Department of Oncology Biomarker Development, Genentech, Inc, South San Francisco, California, United States of America.

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http://journals.plos.org/plosone/article?id=10.1371/journal.pone.0012517PLOS
http://www.ncbi.nlm.nih.gov/pmc/articles/PMC2935889PMC
September 2010
20 Reads
92 Citations
3.234 Impact Factor

T cells use two directionally distinct pathways for cytokine secretion.

Nat Immunol 2006 Mar 29;7(3):247-55. Epub 2006 Jan 29.

Department of Microbiology and Immunology, Stanford University School of Medicine, Stanford, California 94305, USA.

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http://dx.doi.org/10.1038/ni1304DOI Listing
March 2006
9 Reads
147 Citations
20.004 Impact Factor

Molecular and functional analysis using live cell microarrays.

Curr Opin Chem Biol 2006 Feb 18;10(1):28-34. Epub 2006 Jan 18.

Department of Microbiology and Immunology and the Howard Hughes Medical Institute, Stanford University, Stanford, CA 94305, USA.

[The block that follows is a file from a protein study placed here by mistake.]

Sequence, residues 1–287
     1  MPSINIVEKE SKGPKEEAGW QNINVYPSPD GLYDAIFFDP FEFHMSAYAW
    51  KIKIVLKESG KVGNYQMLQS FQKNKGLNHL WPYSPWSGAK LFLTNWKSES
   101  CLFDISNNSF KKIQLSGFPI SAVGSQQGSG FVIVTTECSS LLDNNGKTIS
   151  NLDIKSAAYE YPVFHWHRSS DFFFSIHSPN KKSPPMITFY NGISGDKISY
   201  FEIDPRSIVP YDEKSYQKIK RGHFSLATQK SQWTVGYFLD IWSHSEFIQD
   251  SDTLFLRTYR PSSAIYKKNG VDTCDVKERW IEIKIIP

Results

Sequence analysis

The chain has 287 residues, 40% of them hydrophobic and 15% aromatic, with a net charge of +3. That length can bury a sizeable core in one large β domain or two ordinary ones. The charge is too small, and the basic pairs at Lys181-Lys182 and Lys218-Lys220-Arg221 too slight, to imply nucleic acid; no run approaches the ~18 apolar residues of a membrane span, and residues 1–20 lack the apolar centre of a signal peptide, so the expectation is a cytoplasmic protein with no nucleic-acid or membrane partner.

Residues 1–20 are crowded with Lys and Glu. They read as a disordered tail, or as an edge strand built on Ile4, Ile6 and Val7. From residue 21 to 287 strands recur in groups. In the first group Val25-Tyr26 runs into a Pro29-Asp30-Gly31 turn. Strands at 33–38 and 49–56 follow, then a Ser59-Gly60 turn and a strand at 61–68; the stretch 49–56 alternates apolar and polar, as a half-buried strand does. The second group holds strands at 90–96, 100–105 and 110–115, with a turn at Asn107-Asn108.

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http://dx.doi.org/10.1016/j.cbpa.2006.01.001DOI Listing
February 2006
4 Reads
22 Citations
6.813 Impact Factor

Marked differences in human melanoma antigen-specific T cell responsiveness after vaccination using a functional microarray.

PLoS Med 2005 Oct 20;2(10):e265. Epub 2005 Sep 20.

Department of Internal Medicine/Division of Oncology, Stanford University, Stanford, California, United States of America.

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http://dx.doi.org/10.1371/journal.pmed.0020265DOI Listing
http://www.ncbi.nlm.nih.gov/pmc/articles/PMC1216330PMC
October 2005
17 Reads
34 Citations

Cellular immunotherapy: antigen recognition is just the beginning.

Springer Semin Immunopathol 2005 Jun 16;27(1):119-27. Epub 2005 Apr 16.